House Speaker Paul Ryan spent the past week announcing policy plans designed to fill the void left by the party’s presumptive nominee, Donald Trump, who has virtually no detailed policy proposals save for outrageous propositions like building a giant wall on the U.S.-Mexico border at no cost to the U.S. taxpayer.
But Ryan’s plans are themselves little more than platitudes and proverbs, offering few actionable policies.
Take the poverty plan. It states that we should “expect work-capable adults to work or prepare for work in exchange for welfare benefits,” something that’s already required under the 1996 welfare reform law.
Under “Policy Recommendations,” Ryan calls on Congress to use the next authorization of the nation’s welfare programs “to strengthen the focus on work and work preparation by requiring states to engage more recipients in activities that will help them advance up the economic ladder.”
What exactly that means is anyone’s guess. Does he mean more job training, a temporary public works program, government-backed internships? If Ryan is proposing to toughen work requirements or the sanctions against people who fail to meet them, why doesn’t he explain that in any detail? Who will it apply to, how will states implement it, and what is the timeline for that implementation? What’s the proposed budgetary impact?
“The language is incredibly vague, it’s full of mantras and platitudes and old Republican talking points,” Rebecca Vallas, a poverty expert at the Center for American Progress, told The Intercept. “At points he acknowledges problems that exist — the importance of child care in terms of removing barriers to employment for parents who have children — … and then he has no solutions for it.”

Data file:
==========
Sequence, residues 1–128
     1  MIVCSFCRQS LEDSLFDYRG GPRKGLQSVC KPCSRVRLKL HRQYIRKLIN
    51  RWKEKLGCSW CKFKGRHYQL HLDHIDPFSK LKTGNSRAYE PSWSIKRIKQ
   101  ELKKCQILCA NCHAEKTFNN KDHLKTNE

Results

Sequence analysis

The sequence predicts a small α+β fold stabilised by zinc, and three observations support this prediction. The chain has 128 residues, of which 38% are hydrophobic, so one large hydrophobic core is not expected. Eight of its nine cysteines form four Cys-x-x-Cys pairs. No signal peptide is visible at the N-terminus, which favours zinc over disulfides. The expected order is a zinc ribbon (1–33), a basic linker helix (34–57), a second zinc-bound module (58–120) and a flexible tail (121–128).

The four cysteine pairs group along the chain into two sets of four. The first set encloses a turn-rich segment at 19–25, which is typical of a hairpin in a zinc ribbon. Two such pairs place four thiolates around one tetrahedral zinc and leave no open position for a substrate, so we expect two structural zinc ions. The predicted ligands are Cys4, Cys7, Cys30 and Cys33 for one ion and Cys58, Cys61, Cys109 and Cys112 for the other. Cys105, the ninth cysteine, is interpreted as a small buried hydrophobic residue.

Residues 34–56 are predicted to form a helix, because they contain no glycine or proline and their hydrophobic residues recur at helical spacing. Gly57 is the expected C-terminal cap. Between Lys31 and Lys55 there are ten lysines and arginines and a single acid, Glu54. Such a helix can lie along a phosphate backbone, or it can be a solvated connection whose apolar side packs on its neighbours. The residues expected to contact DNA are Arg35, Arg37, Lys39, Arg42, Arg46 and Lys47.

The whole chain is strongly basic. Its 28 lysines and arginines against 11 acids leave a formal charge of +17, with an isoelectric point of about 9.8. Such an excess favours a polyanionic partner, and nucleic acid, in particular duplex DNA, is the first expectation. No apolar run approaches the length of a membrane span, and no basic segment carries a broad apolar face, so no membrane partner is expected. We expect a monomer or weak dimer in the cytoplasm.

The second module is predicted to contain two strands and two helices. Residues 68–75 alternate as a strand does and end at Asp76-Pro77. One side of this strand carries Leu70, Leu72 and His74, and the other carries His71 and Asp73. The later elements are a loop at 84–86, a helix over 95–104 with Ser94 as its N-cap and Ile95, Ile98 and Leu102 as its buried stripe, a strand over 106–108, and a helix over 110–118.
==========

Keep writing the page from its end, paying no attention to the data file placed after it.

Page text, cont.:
In another section, Ryan proposes a serious change to the government’s Supplemental Security Income program, which offers income support primarily to disabled adults and children.
The speaker complains that the “average lifetime stay on SSI for people who come onto benefits as children is an incredible 26.7 years.” His solution is to end the SSI cash payment program: “Access to needed services in lieu of cash assistance, whether it be mental or physical therapies, or special-education services in school should be the focus of the SSI program.”
When you’re fundamentally transforming a program that serves 8 million people — many of whom suffer from crippling disabilities — into something completely different, more detail than a single sentence is required.
“That would be absolutely devastating to 1.2, 1.3 million kids,” Vallas said. “They need cash. They need the income support and most of them are living in poverty or close to it. And he’s talking about what, giving them vouchers for services?”
There are a handful of actual policies sprinkled throughout the document. For example, Ryan calls for blocking the Obama administration’s new fiduciary rule, a common-sense measure that prohibits brokers and investment advisers from offering retirement advice that is influenced by conflicts of interest.
So there’s that.
Meanwhile, Ryan’s national security document reads like a collection of Bush-era mantras.
He writes that “wherever possible, we should rely on local forces to defeat terrorists, but we must also be prepared to do what it takes to win.”
He writes that “we cannot take options off the table, because doing so telegraphs weaknesses to our enemies and emboldens them.”
What does it take to win? And what’s on the table? Evidently those are unimportant details.
Ryan does want us to know, however, that “this war will not be won with bullets and bombs alone. It will be won by the force of our ideas.”
Again, the document presents no recommendations for how to do this, saying only that we should “reform overt outreach efforts,” because we “cannot champion the counter-narrative effort if our public image is managed through outdated organizations and methods. These organizations must adapt to the age of viral terror and the new-media landscape.”
Does he mean the State Department should shift from Twitter to Yik Yak? He might as well.
Vacuous policy planning is not new for Ryan. His original claim to fame was a budget proposal he introduced when House Republicans took over Congress in 2010. He was initially hailed by the political media elite as a serious policymaker — but upon more serious inspection, it became obvious that his projections and goals were based on extremely unrealistic assumptions.
Later this month, the speaker will release proposals in four additional areas: the Constitution, the economy, health care, and tax reform. If they all offer the same absence of meaning as his poverty and national security documents, Ryan will hardly be moderating or adding heft to Trump’s extremist, lightweight platform — just enabling it.